Most of all my mother's constant conversation with me. I never had a moment with her where she was silent and I was silent. There was, that never really did happen maybe until when I was an adult and I was reading or writing myself into the ground and she was just, you know, around the house here and there. But she was always saying, telling me her stories, telling me riddles, asking me to figure out the riddles, playing word games, uh, just talking about her own life as a young woman and the women in the family, their life. So I was, I was, I grew up in a lot of conversation and storytelling and jokes and rhymes. So I lived in a, in a household, a trailer, in a trailer of, of literature. So I think, uh, it's my mother who really made it all happen for me.

Emy diGrappa (05:41):

That is wonderful. That is so wonderful to hear that. And tell me also, besides your mother, how many brothers and sisters did you have?

Juan Felipe Herrera (05:53):

Well you know, that's a good question. My father had a earlier family.

Emy diGrappa (05:57):

Okay.

Juan Felipe Herrera (05:58):

And then we had our family, and uh, in my tight little family it was only me.

Emy diGrappa (06:04):

Oh, I see.

Juan Felipe Herrera (06:04):

So I'm an only child and uh, and I was born when my father was 66. So, so the household was very unique.

Emy diGrappa (06:15):

Right.

Juan Felipe Herrera (06:15):

You know, uh, life was a little, was a little more mellow, because both of my parents, they weren't really loud people. Uh, they really weren't. So now that they were older in, in their years-

Emy diGrappa (06:31):

Right.

Juan Felipe Herrera (06:31):

... it was even more quiet. It was even more quiet. And the lifestyle was also a very gentle lifestyle. So I grew up in a gentle, quiet, um, a gentle, quiet life with uh, incredible transitions.

Emy diGrappa (06:48):

So that must have been part of your experience in... You, it sounds like you kind of grew up in more of an adult world-

Juan Felipe Herrera (06:59):

Yeah.

Emy diGrappa (06:59):

... as an only child and then had that opportunity to go on to school, which is excellent.

Juan Felipe Herrera (07:06):

You, you're right. I, I, I've thought about that a couple of times, and I say a couple of times because for a long time I, I was unaware of it, that I had grown up as (laughs) as an adult since I was like five years old. I used to worry a lot. I used to worry about my mother, what she was eating, and what she should eat. And if she looked a little sad, what was going on with her, and where's my father and what are we going to do next. As a four year old, as a five year old, I was worrying and worrying and worrying and stressed out and stressed out. And that could have, it could have, it could have been, it could have been better, but that's the way it was.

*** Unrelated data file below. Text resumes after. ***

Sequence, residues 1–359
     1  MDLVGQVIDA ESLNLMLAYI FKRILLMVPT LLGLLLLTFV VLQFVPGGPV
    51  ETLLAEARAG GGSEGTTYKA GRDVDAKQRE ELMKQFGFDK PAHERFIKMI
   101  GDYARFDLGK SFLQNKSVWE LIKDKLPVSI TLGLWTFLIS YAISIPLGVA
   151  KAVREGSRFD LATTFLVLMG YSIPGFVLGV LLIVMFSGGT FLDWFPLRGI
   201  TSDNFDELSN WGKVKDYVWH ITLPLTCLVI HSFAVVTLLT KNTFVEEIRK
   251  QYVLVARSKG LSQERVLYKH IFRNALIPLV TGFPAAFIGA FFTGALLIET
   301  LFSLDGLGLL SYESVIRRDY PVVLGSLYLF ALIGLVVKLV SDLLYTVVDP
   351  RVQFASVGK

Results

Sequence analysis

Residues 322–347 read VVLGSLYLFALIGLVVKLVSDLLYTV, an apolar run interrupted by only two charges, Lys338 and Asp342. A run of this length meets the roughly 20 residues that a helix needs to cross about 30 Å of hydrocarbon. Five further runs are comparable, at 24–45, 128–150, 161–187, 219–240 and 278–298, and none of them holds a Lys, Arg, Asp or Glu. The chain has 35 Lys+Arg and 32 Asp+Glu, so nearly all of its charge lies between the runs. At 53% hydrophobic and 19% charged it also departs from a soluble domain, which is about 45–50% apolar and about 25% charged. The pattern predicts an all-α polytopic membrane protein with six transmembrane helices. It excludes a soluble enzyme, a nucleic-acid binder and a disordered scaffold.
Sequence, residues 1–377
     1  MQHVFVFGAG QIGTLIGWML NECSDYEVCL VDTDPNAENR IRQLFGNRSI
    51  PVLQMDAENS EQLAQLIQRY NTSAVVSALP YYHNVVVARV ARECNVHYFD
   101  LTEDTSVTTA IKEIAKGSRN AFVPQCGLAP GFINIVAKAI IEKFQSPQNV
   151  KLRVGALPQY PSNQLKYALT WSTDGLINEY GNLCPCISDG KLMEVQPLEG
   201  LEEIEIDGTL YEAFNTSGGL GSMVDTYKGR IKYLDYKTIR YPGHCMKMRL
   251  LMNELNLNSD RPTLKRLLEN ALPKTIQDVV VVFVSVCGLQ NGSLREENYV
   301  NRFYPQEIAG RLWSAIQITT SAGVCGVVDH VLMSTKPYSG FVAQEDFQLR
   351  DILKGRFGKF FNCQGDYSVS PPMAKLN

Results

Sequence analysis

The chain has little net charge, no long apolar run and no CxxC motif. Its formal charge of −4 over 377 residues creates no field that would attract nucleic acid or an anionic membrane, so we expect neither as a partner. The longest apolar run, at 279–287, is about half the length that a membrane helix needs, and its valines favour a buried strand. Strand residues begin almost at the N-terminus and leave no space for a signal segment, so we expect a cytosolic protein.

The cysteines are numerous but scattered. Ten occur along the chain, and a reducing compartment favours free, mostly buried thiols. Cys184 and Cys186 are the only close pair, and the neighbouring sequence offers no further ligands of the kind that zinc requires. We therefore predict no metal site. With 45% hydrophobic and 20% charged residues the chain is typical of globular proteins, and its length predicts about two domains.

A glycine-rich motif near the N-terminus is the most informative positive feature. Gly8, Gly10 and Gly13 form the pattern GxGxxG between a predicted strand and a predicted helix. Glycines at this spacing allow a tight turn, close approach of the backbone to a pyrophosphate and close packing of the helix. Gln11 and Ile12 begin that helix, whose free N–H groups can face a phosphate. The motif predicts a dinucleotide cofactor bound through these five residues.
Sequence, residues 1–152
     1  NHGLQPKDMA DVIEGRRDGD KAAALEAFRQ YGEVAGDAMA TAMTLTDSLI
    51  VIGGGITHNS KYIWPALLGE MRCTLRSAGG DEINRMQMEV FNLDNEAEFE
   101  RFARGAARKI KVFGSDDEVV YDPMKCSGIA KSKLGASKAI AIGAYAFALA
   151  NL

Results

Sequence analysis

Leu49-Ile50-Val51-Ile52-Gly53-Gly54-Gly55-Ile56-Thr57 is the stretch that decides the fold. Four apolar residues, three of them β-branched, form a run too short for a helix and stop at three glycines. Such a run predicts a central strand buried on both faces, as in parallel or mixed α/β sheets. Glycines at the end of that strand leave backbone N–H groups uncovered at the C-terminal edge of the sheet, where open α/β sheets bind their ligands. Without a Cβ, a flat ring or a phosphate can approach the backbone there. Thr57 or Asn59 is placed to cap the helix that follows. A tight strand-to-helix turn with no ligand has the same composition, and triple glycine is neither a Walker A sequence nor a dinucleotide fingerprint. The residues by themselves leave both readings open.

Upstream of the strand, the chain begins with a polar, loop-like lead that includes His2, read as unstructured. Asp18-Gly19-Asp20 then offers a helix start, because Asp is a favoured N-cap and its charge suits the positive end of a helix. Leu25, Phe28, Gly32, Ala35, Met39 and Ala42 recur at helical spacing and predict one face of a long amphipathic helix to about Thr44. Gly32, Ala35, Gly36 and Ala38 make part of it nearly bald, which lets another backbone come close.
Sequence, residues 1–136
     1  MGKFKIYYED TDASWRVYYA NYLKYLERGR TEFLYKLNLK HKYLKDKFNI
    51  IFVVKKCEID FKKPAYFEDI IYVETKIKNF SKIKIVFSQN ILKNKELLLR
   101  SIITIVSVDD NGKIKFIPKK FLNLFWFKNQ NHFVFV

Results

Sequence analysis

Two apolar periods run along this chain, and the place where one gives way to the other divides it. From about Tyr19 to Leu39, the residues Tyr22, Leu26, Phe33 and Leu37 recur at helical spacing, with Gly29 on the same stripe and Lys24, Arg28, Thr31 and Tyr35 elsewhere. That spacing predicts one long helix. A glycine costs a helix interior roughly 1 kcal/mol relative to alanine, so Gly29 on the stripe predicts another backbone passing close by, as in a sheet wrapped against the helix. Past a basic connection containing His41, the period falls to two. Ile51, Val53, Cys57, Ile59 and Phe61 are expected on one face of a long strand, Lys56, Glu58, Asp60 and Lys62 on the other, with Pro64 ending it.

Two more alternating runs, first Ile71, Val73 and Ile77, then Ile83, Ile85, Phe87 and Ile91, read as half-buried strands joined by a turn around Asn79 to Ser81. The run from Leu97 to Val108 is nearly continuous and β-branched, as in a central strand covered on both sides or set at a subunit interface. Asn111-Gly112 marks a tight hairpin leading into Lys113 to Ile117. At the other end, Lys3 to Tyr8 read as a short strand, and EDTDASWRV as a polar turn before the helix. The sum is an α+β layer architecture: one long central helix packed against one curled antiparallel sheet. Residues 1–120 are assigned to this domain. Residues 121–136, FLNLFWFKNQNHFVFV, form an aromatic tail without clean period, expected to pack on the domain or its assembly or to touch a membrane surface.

Emy diGrappa (07:49):

Right.

Juan Felipe Herrera (07:49):

As time went by, by the time I hit high school, then I put that worry and stress in those early days on paper, and it became poetry. And I, I tore it out of myself in a way because I could, I could feel all this internal combustion. And I said, “I have to do something. I just can't stand it. I can't stand, um, being smoldering and being afraid to speak and having all these anxieties. They're kind of, they're eating, they're eating me up.”

                 So that's when I joined choir. I didn't want to be in it, but I thought choir was the answer because I was going to be asked to just break out of myself like it or not and sing like it or not. And I wasn't aware that I was going to be singing on a stage. I just knew that I was going to be asked, I was going to be asked to sing, and there was no way out of it because that was what the class was about. That's what choir was about. But I had never thought... It sounds easy but I just didn't think that it would involve being on a stage. I knew it was going to be in a room, but it just didn't occur to me that I was going to be on a stage with curtains opening looking at an audience besides my, uh, you know, my choir friends and singers. And that's what it turned out to be. I kind of started practicing being a poet, uh, for the people way back in 8th grade.

Emy diGrappa (09:17):

At that time, huh?

Juan Felipe Herrera (09:17):

Yeah.

Emy diGrappa (09:18):

That, (laughs) that's amazing. I love that story. So it just came out, it came out of your soul.

Juan Felipe Herrera (09:24):

It leaped out of my soul for a billion reasons, but it had a deeper reason. I'll add so.

Emy diGrappa (09:33):

Why do you call yourself an activist? What makes you an activist? What, what are you an activist for?

Juan Felipe Herrera (09:37):